Affairs always cause pain, but what I’m looking for is where exactly did the knife twist?
No story of betrayal is simple; it focuses on the story of Saskia and Amin. They are a couple, married for 11 years with 3 young children. I met them one year after Saskia discovered Amin’s year-long affair with a co-worker.
When I sit with a couple, there are always two types of stories present in the room; the spoken and the unspoken. The first manifests in dialogue and what we can hear, see and feel. The second is what is unspoken — private personal dialogues, hidden assumptions and covert motivations.
For every deceived partner, there is a particular pain point that is unique to them. In the session, Saskia seemed numb and frozen – tears streamed down her face without her even knowing it. My challenge was to understand what was beyond the fortress of her silent pain. At first glance, one would say, “of course she’s been hurt, he cheated”. In one sense that’s true - an affair is a fundamental violation of trust. But the story doesn’t end there.
Saskia had a traumatic history in a politically turbulent country. Where she came from, women were attacked, raped, abused, and labeled “meat” by men because they could be used and discarded so easily.
She chose her husband Amin because he didn’t fit the profile of what she knew men to be. He was a good guy, with good values. She believed that she of all women had found a man who wouldn’t hurt her and could redeem her of her dim view of men. Amin, unknowingly, had been scripted into the role of the “golden apple”. But then Amin had an affair.
You will hear people say, “it’s not that you cheated, it’s that you lied”. For her, this complaint was expressed in sharp relief. By putting another woman ahead of her, Amin made her feel invisible. For Saskia, who viewed Amin as the one potential mate who would not violate this unwritten code, this was devastating.
Likewise, Amin’s reasons for cheating were no less complicated than his wife’s feelings about betrayal. He talks openly of feeling lonely and abandoned by his wife. He says that a lack of communication and the years-long misunderstandings between them has pushed them apart, so he sought comfort elsewhere.
But he too has a piece of the iceberg that is not visible to me. Alongside his feelings of discontent, Amin had learned in his childhood to keep a part of himself secret. Amin, because of his upbringing, had mastered the art of the double life; compliant at home, and rebellious on the outside. This layer was helpful for me to place his actions in context — another piece of the story.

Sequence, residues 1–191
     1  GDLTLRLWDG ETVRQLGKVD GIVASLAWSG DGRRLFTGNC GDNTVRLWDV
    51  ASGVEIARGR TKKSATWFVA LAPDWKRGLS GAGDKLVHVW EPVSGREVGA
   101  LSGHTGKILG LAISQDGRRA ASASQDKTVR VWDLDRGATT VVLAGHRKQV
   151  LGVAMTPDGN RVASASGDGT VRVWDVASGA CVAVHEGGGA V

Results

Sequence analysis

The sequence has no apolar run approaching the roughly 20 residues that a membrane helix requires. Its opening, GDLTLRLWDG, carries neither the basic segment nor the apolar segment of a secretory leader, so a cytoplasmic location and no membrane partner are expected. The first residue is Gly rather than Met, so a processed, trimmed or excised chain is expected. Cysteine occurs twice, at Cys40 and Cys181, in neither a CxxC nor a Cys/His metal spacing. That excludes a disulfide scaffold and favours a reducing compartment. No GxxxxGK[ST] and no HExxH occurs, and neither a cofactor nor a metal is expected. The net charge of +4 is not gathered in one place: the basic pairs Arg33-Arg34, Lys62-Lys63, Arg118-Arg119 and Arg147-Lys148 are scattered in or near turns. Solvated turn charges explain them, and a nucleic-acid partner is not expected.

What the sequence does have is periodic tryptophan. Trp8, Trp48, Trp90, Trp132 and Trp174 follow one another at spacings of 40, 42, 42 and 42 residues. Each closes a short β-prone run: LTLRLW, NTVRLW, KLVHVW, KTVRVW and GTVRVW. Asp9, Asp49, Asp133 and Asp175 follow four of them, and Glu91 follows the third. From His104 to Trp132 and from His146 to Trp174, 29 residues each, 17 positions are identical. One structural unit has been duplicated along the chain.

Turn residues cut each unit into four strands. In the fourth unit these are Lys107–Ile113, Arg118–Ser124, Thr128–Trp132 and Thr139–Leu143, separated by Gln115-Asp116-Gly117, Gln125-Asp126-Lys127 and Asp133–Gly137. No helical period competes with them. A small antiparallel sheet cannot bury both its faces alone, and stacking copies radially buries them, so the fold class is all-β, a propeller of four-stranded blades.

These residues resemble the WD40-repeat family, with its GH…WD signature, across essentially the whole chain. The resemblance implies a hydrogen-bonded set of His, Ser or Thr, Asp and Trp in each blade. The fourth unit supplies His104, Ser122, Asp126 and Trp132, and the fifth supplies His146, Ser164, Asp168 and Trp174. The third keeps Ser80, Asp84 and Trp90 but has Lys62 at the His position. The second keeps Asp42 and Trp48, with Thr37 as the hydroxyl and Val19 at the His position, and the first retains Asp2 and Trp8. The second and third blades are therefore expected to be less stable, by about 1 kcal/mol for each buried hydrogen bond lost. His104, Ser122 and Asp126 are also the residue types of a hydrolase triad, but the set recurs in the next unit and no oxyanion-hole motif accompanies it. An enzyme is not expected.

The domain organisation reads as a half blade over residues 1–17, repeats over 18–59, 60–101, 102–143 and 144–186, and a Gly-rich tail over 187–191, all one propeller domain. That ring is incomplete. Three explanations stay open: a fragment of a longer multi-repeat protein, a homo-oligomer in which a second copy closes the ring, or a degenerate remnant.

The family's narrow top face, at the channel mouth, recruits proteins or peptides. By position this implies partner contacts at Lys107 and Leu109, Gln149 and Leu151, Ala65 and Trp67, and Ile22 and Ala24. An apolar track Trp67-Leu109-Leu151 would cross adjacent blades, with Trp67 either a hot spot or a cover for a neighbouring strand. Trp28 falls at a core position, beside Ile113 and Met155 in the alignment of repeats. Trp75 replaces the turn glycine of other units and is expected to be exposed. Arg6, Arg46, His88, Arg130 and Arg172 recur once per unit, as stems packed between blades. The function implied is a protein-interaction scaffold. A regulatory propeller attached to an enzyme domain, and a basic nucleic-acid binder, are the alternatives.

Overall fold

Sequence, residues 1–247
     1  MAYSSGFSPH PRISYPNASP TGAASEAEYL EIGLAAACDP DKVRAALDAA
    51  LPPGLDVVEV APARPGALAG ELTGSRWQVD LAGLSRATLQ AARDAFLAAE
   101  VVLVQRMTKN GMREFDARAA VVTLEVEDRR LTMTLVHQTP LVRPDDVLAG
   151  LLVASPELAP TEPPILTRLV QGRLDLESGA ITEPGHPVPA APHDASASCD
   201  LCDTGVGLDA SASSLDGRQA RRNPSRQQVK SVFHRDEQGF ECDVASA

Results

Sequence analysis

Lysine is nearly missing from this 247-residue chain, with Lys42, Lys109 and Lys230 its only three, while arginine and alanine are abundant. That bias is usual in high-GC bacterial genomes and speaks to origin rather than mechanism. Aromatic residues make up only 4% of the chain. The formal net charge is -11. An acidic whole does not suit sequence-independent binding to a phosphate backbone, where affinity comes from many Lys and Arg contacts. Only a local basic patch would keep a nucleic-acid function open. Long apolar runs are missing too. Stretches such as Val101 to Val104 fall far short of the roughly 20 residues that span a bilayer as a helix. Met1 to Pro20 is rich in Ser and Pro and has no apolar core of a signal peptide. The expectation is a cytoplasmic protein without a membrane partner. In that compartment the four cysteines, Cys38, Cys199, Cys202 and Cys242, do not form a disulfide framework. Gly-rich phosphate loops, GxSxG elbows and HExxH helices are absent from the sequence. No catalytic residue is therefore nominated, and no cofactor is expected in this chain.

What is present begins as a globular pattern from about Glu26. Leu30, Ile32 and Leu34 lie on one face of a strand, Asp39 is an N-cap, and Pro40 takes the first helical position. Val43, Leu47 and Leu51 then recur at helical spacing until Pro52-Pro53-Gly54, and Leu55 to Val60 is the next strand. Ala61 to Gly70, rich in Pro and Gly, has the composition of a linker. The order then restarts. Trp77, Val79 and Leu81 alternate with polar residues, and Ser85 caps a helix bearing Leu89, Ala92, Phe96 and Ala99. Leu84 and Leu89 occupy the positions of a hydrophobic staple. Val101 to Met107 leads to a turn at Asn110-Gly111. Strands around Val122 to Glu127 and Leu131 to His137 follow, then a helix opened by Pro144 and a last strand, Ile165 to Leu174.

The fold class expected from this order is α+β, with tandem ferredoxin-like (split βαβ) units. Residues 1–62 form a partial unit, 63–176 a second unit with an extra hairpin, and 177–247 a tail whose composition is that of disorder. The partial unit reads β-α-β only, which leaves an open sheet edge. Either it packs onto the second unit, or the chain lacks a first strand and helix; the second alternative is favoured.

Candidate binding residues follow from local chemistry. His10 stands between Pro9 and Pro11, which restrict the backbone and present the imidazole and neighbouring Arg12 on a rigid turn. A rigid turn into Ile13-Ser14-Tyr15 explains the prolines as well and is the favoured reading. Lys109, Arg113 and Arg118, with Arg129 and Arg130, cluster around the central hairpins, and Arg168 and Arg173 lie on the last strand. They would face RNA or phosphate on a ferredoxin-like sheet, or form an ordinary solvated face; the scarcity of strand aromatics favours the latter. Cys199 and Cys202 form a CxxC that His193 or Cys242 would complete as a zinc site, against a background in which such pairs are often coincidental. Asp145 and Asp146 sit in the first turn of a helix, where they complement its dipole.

Having conversations they’ve never had before
Amin’s affair took place at the end of a long period of distancing for the couple, which accelerated after the births of their children. By the time Amin turned to another, the couple’s sex life was, in both of their recollections, “terrible”. More importantly, their communication had deteriorated. Their story was one of loneliness and their communication had become a race to the bottom.
Saskia and Amin had both been sexually unfulfilled for years. But post-affair, they were refreshingly honest about their sex life for the first time.
For many couples a betrayal is the first time they talk about core issues in a relationship, during what I call the meaning-making phase. After the crisis phase has died down, they begin to try to figure out what went wrong.
Once trust is broken, can it be healed?
For many couples, infidelity isn’t the ultimate deal breaker. And whether or not infidelity ends the relationship, it acts as powerful alarm system that often jolts a couple out of complacency and makes them realize what they stand to lose, or what they have already lost.
For Saskia and Amin, this session did not have a happy ending with the bow on top to match. However, they did begin to talk about topics and feelings that had laid dormant up to and in the wake of the affair. The road is not always a straight line.
This article was written by Esther Perel, author of The State of Affairs and Mating in Captivity.
Esther Perel (born 1958) is a Belgian psychotherapist notable for exploring the tension between the need for security (love, belonging and closeness) and the need for freedom (erotic desire, adventure and distance) in human relationships.